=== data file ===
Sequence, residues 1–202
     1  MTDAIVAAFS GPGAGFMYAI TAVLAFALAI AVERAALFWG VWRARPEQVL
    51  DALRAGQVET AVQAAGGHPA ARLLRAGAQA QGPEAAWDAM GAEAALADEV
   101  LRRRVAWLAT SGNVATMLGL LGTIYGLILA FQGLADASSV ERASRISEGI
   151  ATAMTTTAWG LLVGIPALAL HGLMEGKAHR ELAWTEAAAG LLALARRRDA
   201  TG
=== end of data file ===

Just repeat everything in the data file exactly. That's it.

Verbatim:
Sequence, residues 1–202
     1  MTDAIVAAFS GPGAGFMYAI TAVLAFALAI AVERAALFWG VWRARPEQVL
    51  DALRAGQVET AVQAAGGHPA ARLLRAGAQA QGPEAAWDAM GAEAALADEV
   101  LRRRVAWLAT SGNVATMLGL LGTIYGLILA FQGLADASSV ERASRISEGI
   151  ATAMTTTAWG LLVGIPALAL HGLMEGKAHR ELAWTEAAAG LLALARRRDA
   201  TG